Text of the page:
Hayward Gallery – “Invisible”Andy Warhol Invisible Sculpture - Tom Friedman 1000 Hours of StaringOur next favorite is an exhibition at the Hayward Gallery in London and is aptly named “Invisible” art. Included in this exhibit is Andy Warhol’s “Invisible Sculpture” (empty pedestal) and Tom Friedman’s “1000 Hours of Staring” (blank piece of paper). The exhibition runs from June 12 – August 5, 2012. Probably the best feature of this exhibition is that if you are unable to attend, you can probably duplicate some of the art you missed in your own home. [Boing Boing]


Jubbling Was Closer To Appreciating Art. Saw ‘Burning House’ By Carrie Schneider And Don’t Get It Again.

Burning House - Carrie SchneiderThe basic idea behind Jubbling is to help people find ways to consume less and reuse more. Burning House by Carrie Schneider is not a good example of Jubbling. For the Burning House series, Ms. Schneider photographed the building and torching of 15 lookalike house type structures over two years so it would appear that it was one non-stop burn through every season. The one positive is that she didn’t pitch Burning House as a ‘green’ statement about the lack of affordable housing or dwindling resources. But maybe in hindsight, she could’ve built one house, photographed it over two years and Photoshopped in the flames and smoke. Heck, she could’ve Photoshopped in the seasons too but that wouldn’t be considered art and that’s why I’ll never get it. [Laughing Squid]


Had To Put The Chicken Chair On Jubbling Before Everyone Else.

“I like eating chickens, but I also like for people to be aware of how they live and the consequences of the little decisions they give for granted everyday. I would like people to see a chicken again in their daily life, to find it both uncomfortable and beautiful at the same time.”Sebastian Errazuriz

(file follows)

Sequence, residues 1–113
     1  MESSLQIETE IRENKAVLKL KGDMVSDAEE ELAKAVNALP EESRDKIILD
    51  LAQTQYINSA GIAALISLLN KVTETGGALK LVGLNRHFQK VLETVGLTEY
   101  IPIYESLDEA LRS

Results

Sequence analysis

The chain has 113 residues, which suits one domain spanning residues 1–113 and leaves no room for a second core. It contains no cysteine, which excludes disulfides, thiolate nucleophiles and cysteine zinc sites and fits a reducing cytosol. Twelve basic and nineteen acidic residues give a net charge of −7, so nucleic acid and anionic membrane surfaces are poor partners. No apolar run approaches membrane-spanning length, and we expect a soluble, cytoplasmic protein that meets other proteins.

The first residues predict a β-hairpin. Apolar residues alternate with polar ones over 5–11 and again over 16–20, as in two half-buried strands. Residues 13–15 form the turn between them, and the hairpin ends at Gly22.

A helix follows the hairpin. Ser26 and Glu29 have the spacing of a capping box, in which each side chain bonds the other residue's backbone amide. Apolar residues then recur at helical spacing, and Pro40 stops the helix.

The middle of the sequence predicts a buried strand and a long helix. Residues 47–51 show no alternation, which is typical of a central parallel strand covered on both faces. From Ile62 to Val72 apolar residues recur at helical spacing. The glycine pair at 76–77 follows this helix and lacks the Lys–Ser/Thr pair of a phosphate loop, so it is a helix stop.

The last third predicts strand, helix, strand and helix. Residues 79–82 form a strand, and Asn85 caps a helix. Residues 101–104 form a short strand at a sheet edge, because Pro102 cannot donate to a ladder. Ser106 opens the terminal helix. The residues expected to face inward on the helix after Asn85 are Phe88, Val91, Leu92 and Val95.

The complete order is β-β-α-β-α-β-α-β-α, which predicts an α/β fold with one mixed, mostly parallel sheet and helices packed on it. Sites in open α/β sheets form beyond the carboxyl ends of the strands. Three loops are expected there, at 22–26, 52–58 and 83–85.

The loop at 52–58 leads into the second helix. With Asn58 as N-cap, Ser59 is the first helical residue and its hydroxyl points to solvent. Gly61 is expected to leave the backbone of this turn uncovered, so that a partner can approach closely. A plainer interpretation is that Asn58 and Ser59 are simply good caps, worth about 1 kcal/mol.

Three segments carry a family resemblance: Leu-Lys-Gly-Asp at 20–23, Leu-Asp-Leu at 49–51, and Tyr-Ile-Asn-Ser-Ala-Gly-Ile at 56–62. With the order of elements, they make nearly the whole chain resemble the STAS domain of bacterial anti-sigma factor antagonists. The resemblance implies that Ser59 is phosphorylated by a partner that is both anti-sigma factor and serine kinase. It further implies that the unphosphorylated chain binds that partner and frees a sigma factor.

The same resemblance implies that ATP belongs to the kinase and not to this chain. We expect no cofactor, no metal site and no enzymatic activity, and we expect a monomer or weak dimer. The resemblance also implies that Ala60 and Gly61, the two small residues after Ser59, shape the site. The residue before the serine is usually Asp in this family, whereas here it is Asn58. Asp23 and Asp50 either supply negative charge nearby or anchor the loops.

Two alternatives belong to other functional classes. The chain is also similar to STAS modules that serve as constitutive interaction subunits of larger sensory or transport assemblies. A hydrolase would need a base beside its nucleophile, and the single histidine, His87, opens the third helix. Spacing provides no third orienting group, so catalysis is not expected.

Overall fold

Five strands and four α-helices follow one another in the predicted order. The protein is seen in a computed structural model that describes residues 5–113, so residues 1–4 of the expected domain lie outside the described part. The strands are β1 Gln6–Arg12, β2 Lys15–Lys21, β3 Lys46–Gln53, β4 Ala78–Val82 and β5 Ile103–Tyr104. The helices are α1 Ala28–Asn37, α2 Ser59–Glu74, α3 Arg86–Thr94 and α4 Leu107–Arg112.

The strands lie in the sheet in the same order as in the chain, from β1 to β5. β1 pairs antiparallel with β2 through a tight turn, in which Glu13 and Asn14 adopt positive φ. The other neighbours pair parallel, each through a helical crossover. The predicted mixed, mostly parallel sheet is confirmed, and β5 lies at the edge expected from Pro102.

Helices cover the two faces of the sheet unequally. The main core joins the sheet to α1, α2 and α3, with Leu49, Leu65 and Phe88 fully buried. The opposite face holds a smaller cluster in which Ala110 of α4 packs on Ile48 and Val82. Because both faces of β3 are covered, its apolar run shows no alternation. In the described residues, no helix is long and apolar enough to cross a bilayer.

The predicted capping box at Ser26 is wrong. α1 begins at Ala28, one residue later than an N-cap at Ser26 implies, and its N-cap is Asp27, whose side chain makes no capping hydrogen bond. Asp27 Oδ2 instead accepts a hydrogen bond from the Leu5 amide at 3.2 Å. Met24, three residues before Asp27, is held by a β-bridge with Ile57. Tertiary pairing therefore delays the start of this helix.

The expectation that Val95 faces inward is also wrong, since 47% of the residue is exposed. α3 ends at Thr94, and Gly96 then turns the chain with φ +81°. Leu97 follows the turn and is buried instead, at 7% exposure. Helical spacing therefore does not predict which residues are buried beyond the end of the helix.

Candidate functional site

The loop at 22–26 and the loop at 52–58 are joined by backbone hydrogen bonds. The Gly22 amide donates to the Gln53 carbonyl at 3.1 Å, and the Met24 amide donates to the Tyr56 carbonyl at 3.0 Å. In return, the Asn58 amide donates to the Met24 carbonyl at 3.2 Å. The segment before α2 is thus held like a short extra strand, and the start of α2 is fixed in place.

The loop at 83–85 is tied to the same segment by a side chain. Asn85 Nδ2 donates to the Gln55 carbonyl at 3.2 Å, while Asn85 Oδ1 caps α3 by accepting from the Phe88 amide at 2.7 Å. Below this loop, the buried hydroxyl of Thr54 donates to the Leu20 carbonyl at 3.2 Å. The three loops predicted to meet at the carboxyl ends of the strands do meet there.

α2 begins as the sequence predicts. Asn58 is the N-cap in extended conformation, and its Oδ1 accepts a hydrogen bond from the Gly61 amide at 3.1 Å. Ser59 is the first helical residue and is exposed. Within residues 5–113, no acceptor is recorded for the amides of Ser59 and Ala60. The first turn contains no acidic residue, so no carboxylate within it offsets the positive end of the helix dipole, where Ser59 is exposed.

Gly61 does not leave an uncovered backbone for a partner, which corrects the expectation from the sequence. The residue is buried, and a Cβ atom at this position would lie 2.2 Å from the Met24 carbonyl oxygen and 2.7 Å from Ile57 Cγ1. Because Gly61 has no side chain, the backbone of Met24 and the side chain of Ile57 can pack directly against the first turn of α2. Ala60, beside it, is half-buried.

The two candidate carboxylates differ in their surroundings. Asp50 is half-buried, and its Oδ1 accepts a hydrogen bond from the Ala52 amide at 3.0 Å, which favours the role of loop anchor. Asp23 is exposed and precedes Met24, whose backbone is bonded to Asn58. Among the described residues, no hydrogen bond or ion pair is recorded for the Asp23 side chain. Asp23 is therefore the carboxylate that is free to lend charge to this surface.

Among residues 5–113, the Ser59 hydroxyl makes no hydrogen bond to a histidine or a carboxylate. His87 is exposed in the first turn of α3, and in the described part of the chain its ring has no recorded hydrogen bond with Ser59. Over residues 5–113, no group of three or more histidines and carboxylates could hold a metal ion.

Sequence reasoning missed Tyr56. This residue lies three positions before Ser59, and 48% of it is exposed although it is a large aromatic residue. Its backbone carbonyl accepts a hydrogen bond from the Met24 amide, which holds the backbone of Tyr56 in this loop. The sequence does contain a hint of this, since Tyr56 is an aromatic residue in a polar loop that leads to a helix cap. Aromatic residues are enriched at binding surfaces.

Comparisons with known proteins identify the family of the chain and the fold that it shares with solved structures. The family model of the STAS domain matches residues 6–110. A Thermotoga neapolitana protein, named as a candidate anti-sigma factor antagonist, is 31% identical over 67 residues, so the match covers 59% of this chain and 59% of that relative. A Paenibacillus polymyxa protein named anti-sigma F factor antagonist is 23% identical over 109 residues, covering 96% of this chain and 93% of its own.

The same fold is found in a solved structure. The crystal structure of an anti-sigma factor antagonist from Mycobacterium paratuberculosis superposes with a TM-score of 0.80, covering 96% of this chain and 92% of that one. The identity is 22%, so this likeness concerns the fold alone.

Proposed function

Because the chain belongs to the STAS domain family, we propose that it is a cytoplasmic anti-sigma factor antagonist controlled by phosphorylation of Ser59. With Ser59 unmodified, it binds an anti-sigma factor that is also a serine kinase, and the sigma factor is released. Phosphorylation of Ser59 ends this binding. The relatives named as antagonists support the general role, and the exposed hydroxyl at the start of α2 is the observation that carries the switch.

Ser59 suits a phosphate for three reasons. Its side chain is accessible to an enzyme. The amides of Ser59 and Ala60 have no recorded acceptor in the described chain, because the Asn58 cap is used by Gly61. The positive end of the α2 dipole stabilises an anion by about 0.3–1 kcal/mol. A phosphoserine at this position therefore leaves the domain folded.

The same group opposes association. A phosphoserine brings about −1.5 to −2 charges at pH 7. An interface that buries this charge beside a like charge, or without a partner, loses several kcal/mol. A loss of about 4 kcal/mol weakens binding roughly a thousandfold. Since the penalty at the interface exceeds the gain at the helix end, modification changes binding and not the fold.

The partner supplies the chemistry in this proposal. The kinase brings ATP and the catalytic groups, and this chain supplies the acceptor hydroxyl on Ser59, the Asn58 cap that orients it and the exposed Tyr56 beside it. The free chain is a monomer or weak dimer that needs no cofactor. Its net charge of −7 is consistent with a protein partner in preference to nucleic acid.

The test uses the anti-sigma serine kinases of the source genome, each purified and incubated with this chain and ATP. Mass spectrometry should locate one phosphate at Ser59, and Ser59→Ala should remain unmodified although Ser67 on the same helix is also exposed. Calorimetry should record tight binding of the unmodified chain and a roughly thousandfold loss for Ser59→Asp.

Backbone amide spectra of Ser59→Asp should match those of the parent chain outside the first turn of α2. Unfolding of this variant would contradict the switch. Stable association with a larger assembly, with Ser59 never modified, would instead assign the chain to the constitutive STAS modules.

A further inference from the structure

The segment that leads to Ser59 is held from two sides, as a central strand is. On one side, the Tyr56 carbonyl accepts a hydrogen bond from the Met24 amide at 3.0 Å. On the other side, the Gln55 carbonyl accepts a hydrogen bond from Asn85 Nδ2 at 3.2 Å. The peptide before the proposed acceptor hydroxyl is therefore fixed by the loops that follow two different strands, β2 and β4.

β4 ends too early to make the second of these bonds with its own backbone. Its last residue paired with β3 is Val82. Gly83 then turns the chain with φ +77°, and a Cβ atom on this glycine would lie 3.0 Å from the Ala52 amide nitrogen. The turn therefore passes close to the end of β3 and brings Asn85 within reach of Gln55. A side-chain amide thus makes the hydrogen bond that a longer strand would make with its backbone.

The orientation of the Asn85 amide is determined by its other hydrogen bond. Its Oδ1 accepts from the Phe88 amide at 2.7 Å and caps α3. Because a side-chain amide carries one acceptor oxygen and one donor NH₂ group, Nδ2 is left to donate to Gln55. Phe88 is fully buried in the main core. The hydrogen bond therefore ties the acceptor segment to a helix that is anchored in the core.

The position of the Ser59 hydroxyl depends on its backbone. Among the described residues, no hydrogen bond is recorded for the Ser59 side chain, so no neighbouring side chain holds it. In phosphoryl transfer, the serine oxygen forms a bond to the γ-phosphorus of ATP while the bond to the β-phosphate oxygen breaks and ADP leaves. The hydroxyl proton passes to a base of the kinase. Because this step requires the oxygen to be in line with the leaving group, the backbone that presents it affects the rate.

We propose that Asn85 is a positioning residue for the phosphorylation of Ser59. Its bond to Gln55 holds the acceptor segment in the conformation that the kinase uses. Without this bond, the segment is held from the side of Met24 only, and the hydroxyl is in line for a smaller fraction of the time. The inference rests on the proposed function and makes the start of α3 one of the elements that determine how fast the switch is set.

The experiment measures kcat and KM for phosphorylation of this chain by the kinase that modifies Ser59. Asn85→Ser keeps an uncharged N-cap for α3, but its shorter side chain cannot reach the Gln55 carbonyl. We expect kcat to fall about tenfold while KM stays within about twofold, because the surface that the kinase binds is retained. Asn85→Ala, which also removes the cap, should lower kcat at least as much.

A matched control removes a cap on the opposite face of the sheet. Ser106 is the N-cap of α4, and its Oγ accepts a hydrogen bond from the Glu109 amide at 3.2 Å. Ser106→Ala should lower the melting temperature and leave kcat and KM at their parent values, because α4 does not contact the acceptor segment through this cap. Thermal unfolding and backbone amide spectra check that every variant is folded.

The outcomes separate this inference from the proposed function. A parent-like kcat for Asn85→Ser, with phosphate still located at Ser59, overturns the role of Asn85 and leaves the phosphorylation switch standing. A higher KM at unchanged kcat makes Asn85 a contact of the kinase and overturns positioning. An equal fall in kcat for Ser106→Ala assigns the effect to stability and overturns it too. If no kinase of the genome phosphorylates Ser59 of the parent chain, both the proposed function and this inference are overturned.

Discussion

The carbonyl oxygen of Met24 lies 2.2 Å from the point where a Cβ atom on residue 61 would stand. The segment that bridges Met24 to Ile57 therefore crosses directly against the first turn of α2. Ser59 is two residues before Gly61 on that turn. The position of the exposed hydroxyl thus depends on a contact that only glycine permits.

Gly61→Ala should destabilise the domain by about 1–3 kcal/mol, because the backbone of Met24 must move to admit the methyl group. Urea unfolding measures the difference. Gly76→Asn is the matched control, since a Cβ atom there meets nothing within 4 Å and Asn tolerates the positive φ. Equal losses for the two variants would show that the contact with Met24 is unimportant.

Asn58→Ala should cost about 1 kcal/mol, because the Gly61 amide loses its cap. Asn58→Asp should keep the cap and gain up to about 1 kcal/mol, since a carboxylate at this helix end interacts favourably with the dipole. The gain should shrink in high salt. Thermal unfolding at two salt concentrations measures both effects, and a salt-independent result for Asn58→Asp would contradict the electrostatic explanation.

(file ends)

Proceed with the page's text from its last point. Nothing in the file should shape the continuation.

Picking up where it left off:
Hmmm, how to make it fit on Jubbling… maybe a “Chicken Chair” in every house will encourage, or guilt, people into working down the food chain and eat less meat. Or maybe it’s best used as a punishment for calling me an eco-hipster – “get connected with your food and give me 15 minutes on the chicken chair.” Wait, that would be eco-hipsterish of me. [core77]


The Goal Of ‘One Third’ Rotting Food Photos By Klaus Pichler Is To Get Us To Waste Less Food

Klaus Pichler - One Third Exhibition

“I don’t get it… I don’t get it.”

Paul (John Heard), Movie “Big”

I really don’t get it. Klaus Pichler’s photo exhibition, One Third, about the amount of food wasted each year just seems like a waste in itself. Call me crazy but seeing pictures of rotting food doesn’t motivate me to hold onto dated items longer – it makes me want to check the dates on what I have in the fridge and start chucking stuff out.

Klaus Pichler - One Third Exhibition  Rotting Cookies
Inhabitat has a back story on the One Third exhibition and that it took its name from a UN study on how 1/3 of all food is wasted. Mr. Pichler also includes information on how the rotting food in the photographs was harvested and their respective carbon footprints.

Still can’t help feeling more than a little confused whenever I read about or see something considered art that partakes in what it purports to be against. Pictures: amazing. Message: lost. [Inhabitat ]